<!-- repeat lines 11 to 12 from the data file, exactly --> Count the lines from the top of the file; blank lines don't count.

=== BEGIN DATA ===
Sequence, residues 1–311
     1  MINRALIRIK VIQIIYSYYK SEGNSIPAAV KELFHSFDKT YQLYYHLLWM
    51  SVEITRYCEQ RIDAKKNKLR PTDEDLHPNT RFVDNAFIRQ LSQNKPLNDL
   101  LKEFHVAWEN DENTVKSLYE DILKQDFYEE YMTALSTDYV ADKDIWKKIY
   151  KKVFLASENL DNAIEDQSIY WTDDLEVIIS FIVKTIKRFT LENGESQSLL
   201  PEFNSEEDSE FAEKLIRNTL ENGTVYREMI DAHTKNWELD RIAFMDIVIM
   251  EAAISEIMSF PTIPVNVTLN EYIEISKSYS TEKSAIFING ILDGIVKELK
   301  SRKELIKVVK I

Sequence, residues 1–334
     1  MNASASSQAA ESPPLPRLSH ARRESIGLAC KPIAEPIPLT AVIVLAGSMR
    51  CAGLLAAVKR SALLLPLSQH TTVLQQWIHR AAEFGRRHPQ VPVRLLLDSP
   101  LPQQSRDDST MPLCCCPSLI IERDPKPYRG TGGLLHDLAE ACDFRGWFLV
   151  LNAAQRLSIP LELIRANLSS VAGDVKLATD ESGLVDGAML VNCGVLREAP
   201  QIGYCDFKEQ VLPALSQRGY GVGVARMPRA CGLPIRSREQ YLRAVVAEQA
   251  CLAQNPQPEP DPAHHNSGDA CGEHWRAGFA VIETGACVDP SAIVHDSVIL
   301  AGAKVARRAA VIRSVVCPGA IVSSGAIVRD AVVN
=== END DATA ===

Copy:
    51  CAGLLAAVKR SALLLPLSQH TTVLQQWIHR AAEFGRRHPQ VPVRLLLDSP
   101  LPQQSRDDST MPLCCCPSLI IERDPKPYRG TGGLLHDLAE ACDFRGWFLV